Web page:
All in all, I feel that this is a severely underappreciated movie.  It’s strange and demands a certain level of intellectual engagement by the audience, but it’s also well-made, well-acted, thrilling, and unique.  I highly recommend you give it a try.

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(Did you enjoy this review?  Check out Scott William Foley’s short stories HERE!)

Annihilation by Jeff Vandermeer – A Book Review

Like you, I thought the movie trailer for Annihilation looked very cool, so I thought I’d check out the source material.

When the novel of the same name arrived at my local library, the volume’s slimness surprised me.  At only 195 pages, I knew it would prove a quick read.

Of course, it may be helpful to know this is only the first of a three-book series.  All three collected volumes are known as Southern Reach Trilogy.  The three installments appear to have been published within months of one another, so that could explain the page count.

Whatever the case may be, I have to admit that Annihilation by Jeff Vandermeer immediately felt like a bad fit for me.  The prose in this book is … dense.  It’s full of description largely pertaining to foliage and biology.  Also, a first-person narrator delivers the story to us.  I don’t know if it’s Vandermeer’s style or the style of his narrator, but I found the prose clunky and difficult to follow.  To me, the sentences did not flow very smoothly which forced me to read and reread in a way that frustrated.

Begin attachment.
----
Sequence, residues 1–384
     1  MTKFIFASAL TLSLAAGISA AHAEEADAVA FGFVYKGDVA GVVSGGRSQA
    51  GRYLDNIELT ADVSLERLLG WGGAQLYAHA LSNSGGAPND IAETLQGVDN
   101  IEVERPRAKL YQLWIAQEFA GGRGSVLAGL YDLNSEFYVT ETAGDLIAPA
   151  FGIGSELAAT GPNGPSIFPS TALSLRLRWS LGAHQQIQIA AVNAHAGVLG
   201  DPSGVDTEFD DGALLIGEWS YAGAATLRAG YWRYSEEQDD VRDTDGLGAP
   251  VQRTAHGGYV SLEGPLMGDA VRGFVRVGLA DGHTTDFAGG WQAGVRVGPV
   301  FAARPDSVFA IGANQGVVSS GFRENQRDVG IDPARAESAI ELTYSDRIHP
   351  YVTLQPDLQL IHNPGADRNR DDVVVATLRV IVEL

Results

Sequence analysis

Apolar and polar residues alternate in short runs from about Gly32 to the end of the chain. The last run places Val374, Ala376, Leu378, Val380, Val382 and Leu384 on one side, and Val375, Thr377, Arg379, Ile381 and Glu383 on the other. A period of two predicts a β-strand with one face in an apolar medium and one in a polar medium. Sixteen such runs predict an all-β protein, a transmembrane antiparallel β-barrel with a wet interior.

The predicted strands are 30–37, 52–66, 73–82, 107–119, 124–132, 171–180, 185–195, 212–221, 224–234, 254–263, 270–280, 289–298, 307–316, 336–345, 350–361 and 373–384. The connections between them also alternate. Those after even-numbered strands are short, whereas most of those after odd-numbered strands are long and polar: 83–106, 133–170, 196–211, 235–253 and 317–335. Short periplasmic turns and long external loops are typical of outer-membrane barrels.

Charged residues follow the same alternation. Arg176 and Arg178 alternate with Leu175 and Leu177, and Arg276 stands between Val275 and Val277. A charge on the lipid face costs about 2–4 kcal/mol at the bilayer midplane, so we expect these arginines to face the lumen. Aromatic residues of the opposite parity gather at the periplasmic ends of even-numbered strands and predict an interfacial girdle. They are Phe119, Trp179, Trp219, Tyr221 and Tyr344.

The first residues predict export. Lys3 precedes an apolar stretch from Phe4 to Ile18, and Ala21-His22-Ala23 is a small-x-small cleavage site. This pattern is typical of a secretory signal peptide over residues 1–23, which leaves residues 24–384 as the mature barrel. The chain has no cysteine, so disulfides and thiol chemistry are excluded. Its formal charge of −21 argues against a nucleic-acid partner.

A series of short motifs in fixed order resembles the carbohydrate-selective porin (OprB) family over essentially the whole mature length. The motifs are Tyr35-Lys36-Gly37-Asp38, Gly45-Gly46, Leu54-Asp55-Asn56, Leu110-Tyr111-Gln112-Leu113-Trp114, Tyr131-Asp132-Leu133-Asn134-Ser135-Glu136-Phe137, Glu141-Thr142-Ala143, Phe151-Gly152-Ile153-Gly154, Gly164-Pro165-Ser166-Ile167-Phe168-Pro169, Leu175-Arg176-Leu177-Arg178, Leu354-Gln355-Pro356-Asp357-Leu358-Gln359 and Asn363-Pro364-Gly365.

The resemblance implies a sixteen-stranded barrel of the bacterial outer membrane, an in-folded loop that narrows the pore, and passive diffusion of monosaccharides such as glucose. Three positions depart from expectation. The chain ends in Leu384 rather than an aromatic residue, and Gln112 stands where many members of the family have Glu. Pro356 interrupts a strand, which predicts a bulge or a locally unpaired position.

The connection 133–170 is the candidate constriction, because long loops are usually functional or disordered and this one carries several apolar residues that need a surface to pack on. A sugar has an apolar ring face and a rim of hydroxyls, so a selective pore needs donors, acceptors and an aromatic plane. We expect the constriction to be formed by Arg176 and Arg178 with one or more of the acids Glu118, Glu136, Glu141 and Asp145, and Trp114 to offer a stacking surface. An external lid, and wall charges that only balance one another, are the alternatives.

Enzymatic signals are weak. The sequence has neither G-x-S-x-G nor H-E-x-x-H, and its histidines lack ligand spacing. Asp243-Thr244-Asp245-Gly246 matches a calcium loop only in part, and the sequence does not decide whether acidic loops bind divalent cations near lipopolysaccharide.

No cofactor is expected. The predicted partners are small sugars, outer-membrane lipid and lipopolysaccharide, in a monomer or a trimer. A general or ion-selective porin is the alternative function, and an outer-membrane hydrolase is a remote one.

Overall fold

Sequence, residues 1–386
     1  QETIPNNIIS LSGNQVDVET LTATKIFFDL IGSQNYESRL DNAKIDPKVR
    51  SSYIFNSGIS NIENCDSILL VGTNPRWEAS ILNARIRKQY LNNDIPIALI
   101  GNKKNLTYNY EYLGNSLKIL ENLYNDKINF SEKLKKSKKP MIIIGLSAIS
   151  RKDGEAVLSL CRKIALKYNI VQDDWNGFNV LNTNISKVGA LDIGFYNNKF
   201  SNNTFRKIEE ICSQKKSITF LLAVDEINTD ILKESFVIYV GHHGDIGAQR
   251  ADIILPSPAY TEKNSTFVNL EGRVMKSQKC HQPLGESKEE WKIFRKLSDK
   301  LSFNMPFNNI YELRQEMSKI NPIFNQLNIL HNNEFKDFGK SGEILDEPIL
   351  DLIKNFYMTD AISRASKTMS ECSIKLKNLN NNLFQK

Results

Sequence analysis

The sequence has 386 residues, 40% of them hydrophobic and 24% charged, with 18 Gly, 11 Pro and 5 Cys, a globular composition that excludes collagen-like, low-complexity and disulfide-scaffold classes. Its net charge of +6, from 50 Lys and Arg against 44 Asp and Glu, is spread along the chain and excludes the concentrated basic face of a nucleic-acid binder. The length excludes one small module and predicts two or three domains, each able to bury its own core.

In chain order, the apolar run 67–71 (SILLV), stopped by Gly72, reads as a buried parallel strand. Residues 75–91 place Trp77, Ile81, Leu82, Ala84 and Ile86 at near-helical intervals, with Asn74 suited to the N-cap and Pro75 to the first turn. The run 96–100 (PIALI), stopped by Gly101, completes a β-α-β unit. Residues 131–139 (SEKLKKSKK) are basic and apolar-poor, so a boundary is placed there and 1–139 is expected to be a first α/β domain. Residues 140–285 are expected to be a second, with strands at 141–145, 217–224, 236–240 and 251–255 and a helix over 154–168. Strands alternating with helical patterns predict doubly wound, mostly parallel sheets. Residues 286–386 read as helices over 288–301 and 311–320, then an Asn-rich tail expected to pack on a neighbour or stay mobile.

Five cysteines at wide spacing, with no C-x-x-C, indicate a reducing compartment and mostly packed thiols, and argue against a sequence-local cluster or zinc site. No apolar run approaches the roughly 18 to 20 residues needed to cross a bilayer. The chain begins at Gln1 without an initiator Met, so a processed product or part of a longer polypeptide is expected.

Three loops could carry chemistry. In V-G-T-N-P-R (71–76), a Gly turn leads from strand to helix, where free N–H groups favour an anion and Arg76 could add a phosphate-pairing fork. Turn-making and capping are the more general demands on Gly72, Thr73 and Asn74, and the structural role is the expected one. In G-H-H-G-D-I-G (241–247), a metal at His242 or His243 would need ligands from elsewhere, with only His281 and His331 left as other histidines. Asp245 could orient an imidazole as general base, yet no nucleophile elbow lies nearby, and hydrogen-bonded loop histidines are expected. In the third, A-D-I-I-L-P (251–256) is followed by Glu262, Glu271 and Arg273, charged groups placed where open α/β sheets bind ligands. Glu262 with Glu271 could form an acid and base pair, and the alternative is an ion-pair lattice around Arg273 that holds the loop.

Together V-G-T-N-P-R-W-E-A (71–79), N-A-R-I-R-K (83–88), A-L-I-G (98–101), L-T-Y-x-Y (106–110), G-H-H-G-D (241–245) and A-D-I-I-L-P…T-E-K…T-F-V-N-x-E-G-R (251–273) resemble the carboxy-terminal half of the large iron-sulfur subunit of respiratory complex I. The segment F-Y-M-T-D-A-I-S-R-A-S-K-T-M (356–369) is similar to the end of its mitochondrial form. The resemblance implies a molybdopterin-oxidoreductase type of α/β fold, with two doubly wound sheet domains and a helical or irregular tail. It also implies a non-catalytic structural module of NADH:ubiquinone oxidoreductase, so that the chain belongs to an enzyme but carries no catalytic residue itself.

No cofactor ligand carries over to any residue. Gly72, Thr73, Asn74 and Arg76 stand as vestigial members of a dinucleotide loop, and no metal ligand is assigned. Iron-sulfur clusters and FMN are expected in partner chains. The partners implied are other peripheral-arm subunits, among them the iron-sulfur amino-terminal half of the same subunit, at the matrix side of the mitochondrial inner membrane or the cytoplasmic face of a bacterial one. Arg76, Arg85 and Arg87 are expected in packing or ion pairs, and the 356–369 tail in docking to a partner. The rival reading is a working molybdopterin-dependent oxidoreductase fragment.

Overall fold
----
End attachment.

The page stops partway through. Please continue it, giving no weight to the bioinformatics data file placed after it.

When Vandermeer’s characters spoke, this issue largely disappeared.  The dialogue flowed freely and felt natural.

The plot itself interested me enough, but things moved rather slowly.  In my opinion, there is no real “revelation” that makes the book a worthwhile, satisfying experience.  Perhaps the other two books provide this experience.  I’m not sure I’m inclined to read them, though.

The good news is that, as I said, this is a very slim book and so you can easily read it in a day or two and prove me wrong.  I have been wrong about books before.  I’ve even reread a few books to find that my opinion of them changed completely.

I still plan to see the movie, but, if I’m being honest, not much that I’ve seen in the trailers evokes much from what I read in the book.

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(Did you enjoy this review?  Check out Scott William Foley’s short stories HERE!)